By Todd Neeley
DTN Staff Reporter
OMAHA (DTN) -- West, Texas, Mayor Tommy Muska knows he has a fine line to walk.
His community is still recovering from a devastating explosion of a fertilizer plant a year ago. For people in his city to readily accept a possible fertilizer supplier building a new facility there, officials know they'll need to approach the idea with extreme caution.
Farmers require fertilizer. At the beginning of this year's planting season, many farmers are traveling 15 to 20 miles to Hillsboro and Hubbard for ammonium nitrate and other supplies, the mayor said. City officials are in discussions with another company to replace West Fertilizer Co. to meet the farmers' needs.
"It's going to be a very slow process," he said. "The people here are very leery. But it is an important aspect of the town and our area. We have opened up the door with a possibility that with the right construction and guidelines, to have another fertilizer company in this area."
A new location could sit safely away from residential or other populated areas, with the potential for extending city limits to take advantage of sales tax revenues, he added.
While no new fertilizer plant has emerged yet, the community is making progress to rebuild and move past the tragic explosion that killed 15 firefighters and other first-responders, and injured hundreds of residents.
The town is well on its way to rebuilding its north side: 68 new homes have been built, 138 have finished some level of rebuild and 24 homes in the area again are occupied. A new 75,000-square-foot nursing home is under construction after the previous home was destroyed in the blast, and should be completed by the summer of 2015, Muska said.
"We lost 134 residents who are no longer in West," Muska said. "Folks who were in the nursing home are scattered throughout the area. Hopefully within a year they will come back."
In addition, work has started on a new $20 million junior/senior high school, as area students continue to use temporary facilities. The city continues to work out the details with the Federal Emergency Management Agency and the state of Texas on millions more in funds to complete streets, water and other infrastructure projects.
"We lost $20 million in property tax and we can't borrow money now," Muska said, as the city's bond rating took a hit following the disaster. Wages were frozen, and the city delayed equipment purchases and other needs for two years running.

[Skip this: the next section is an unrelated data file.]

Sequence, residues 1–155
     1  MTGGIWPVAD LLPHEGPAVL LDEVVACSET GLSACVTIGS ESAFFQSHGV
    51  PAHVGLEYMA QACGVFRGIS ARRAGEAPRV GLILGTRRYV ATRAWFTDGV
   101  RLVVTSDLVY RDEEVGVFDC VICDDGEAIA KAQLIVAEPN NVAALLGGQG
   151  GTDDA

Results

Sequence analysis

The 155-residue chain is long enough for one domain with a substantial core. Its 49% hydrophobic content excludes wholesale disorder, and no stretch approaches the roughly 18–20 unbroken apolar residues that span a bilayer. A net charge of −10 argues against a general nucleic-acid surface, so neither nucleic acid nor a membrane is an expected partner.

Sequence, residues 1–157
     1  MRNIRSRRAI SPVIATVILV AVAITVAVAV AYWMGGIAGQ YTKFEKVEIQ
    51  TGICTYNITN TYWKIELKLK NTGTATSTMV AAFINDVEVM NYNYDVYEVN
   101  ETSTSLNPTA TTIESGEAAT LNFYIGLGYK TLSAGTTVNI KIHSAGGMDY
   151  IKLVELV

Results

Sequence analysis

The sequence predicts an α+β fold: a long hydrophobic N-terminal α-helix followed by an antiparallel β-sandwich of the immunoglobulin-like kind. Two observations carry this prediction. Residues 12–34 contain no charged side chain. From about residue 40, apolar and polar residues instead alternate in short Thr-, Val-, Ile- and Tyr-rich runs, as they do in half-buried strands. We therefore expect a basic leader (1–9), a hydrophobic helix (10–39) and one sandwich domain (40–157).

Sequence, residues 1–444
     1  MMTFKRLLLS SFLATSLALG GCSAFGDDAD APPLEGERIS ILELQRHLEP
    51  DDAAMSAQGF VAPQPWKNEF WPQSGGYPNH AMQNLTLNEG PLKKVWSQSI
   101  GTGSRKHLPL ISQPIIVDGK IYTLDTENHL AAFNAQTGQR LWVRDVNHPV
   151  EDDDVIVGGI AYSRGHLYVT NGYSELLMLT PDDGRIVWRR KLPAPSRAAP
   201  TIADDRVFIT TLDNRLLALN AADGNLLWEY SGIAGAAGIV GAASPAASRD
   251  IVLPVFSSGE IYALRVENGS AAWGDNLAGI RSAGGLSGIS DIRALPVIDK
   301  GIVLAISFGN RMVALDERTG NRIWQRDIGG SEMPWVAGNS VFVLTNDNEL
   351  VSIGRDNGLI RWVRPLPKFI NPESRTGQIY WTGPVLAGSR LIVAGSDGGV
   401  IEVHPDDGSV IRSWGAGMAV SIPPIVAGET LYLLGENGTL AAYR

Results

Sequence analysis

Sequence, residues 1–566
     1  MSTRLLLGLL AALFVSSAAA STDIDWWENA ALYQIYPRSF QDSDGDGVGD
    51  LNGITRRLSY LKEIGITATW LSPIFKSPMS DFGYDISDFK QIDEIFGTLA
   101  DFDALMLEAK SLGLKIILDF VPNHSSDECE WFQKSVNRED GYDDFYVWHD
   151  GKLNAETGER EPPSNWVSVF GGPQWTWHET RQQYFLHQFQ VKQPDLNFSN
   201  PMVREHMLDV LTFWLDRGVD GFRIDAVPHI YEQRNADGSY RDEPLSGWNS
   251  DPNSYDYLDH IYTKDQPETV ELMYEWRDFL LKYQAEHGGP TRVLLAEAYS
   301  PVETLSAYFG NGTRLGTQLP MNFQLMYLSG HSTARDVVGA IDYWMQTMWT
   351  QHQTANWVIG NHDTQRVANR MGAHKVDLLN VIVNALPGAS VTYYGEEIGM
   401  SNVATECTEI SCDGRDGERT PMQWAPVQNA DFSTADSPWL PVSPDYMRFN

Despite the loss in property tax revenues, Muska said the city saw an 11% increase in sales tax revenues. The city also expects to see more help from the state's rainy-day fund.
One area was critical to invest in again: the ability to fight future emergencies. Five volunteer firefighters were lost from the West department. Muska said five new recruits and new equipment are helping the department rebound.
Investigators continue to leave open the possibility that criminal activity could have led to the fire and resulting ammonium nitrate explosion in the fertilizer plant a year ago.
Texas State Fire Marshal Chris Connealy, who is heading the investigation, told DTN he continues to focus on three things: a potentially faulty 120-volt electrical system on the property, a golf cart that could have accidently caught fire, or that the fire was intentionally started.
"It's still an active investigation," he stressed. "There has been a lot of information gathered."
So far, the investigation found a fire started in a room that contained seed and other materials onsite, and continued to build and traveled to wood-framed bins storing AN.
Heat from the blaze started to decompose ammonium nitrate and built up pressure, Connealy said. A first explosion occurred when the roof of the bins collapsed, "creating a shock" that led to the second, fatal blast.
The Texas Fire Marshal's office continues to work with experts at a Bureau of Alcohol, Tobacco, Firearms and Explosives laboratory in Maryland to make a final determination on the cause of the fire, he said.
While the investigation is ongoing, he said his department is slated to release a final report in May that outlines the actions taken by volunteer firefighters and others in West, and to give firefighters across the state intelligence on what could be done to combat similar fires.
"Next month we'll meet with the families of the victims and the fire chief before the report is released," Connealy said.
Editor's Note: To see complete DTN coverage of the West, Texas explosion aftermath, please see the DTN/The Progressive Farmer In-depth site at http://www.dtn.com/…
Todd Neeley can be reached at email@example.com
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